Nedarim 2 - What is a vow?

A man can vow against eating meat, for example, and then he will become liable for eating it, as if it were non-kosher. He can use the words, "I am making a vow (neder)," but he can also say "This is prohibited to me as a sacrifice ("korban"). He can use a synonym, such as "konam" instead of a "korban." Finally, he can say an incomplete vow, such as "I am separated from you" or "I am distanced from you," and as a results he will not be able to derive any benefit from his fellow who was the subject of his vow.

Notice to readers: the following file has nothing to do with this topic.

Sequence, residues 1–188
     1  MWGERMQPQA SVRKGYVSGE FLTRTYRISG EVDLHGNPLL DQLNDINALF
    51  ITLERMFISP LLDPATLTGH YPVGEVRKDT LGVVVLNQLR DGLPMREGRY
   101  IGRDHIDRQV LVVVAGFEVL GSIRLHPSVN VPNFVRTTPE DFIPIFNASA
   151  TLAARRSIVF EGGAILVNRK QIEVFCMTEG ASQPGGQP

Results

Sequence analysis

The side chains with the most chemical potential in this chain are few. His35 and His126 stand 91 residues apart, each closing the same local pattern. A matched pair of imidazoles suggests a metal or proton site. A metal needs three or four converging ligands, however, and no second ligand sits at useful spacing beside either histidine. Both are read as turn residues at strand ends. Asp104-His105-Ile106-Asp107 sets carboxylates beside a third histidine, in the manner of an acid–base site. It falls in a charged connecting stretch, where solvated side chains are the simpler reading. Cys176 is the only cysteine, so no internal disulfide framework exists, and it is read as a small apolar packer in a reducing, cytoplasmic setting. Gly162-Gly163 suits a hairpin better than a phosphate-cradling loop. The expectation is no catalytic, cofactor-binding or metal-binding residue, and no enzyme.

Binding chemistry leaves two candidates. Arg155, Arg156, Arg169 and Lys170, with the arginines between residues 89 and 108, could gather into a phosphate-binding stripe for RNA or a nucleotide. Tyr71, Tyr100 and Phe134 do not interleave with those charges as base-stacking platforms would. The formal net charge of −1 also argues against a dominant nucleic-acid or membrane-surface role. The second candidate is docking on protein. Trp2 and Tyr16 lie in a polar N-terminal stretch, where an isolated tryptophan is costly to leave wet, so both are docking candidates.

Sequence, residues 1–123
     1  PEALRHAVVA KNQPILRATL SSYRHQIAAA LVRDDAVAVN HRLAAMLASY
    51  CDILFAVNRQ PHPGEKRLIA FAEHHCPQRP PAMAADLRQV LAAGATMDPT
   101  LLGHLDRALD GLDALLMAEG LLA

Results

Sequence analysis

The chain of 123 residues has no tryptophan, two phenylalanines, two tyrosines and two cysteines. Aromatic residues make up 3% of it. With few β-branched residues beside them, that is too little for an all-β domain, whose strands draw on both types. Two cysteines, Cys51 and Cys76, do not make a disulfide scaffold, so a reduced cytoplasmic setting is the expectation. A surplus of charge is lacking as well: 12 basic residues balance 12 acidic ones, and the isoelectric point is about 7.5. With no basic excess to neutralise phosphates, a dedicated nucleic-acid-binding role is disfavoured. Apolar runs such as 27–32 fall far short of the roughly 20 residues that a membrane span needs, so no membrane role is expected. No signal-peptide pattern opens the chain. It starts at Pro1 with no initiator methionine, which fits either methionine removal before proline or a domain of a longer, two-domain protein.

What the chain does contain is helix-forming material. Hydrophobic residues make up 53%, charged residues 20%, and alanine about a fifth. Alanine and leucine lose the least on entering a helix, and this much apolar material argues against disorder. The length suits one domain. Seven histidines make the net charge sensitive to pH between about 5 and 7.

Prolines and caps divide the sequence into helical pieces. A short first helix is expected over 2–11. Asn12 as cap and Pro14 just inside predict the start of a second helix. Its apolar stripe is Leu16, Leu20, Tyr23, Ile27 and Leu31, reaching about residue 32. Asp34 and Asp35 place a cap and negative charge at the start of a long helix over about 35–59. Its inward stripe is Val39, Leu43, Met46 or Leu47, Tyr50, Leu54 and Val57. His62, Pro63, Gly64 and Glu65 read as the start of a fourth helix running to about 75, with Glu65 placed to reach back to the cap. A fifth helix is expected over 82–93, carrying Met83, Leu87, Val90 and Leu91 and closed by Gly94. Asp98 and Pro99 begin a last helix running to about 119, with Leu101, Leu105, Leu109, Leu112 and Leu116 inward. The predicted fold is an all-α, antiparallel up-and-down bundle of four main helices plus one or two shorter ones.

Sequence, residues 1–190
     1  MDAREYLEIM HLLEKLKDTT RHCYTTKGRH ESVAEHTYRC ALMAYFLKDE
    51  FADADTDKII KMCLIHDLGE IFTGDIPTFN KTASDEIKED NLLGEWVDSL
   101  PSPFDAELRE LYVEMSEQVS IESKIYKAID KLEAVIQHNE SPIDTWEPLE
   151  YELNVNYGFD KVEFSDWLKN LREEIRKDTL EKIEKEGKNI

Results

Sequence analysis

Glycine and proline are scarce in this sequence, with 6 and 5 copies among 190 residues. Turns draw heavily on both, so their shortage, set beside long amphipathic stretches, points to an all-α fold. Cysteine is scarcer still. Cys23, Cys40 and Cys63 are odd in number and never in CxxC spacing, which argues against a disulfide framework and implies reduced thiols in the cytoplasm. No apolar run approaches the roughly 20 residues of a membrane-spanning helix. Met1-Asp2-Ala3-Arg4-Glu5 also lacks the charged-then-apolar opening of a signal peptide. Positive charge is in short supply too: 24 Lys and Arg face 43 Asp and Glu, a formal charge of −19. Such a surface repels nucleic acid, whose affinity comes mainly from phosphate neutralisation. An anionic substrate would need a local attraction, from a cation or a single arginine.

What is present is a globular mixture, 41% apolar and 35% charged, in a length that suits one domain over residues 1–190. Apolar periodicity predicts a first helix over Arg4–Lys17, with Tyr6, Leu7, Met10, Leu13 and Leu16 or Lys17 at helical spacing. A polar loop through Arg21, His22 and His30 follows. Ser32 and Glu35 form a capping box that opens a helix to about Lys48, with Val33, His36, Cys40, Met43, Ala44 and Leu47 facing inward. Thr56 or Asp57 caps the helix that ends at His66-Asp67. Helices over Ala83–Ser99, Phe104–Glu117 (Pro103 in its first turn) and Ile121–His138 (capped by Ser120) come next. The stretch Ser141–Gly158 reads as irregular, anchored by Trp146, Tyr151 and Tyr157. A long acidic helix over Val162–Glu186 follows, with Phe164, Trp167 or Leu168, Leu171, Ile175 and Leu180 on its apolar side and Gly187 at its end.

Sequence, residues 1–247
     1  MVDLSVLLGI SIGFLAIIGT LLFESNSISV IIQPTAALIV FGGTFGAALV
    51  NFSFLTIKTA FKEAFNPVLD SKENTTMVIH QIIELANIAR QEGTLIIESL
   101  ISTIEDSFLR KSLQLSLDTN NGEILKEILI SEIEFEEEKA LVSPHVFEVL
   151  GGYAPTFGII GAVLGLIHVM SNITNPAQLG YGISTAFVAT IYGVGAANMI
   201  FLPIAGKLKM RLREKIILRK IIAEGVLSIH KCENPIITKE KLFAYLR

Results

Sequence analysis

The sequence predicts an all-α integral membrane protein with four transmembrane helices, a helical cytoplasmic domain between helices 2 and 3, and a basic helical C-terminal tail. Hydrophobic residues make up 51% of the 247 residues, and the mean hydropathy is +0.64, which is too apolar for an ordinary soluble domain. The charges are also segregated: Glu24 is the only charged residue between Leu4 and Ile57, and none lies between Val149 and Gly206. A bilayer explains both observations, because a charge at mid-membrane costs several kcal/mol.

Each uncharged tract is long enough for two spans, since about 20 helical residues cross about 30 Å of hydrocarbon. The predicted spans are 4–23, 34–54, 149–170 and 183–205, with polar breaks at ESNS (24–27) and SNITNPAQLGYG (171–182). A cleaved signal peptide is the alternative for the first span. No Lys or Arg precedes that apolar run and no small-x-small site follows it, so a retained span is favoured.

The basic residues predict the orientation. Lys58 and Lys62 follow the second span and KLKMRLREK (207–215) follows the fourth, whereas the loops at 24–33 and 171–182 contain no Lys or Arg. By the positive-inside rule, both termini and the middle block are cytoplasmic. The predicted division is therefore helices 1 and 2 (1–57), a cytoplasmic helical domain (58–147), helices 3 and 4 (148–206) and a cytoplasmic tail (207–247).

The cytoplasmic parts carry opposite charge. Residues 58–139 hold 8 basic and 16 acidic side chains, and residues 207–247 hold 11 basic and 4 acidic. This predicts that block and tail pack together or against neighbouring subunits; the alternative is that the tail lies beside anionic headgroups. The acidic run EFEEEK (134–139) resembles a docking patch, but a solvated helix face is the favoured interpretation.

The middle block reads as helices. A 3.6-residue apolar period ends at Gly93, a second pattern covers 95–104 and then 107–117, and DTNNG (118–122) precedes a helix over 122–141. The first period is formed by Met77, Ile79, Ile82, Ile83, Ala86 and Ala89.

The same rule applies for oaths as well. But how is an oath different from a vow? - Vow is usually directed at an object (bread), but oath talks about the person's action (eating this bread).

For the next ten pages we will discuss incomplete vows, and now the Talmud discusses why the teacher chose to discuss incomplete vows, which were mentioned last, and not synonyms, which were mentioned first. The example of different word sequences are brought from all areas of law, such as adornments which woman can wear on Shabbat, flour sacrifices in the Temple, and the laws of inheritance.

Art: Making bread by Frank Bramley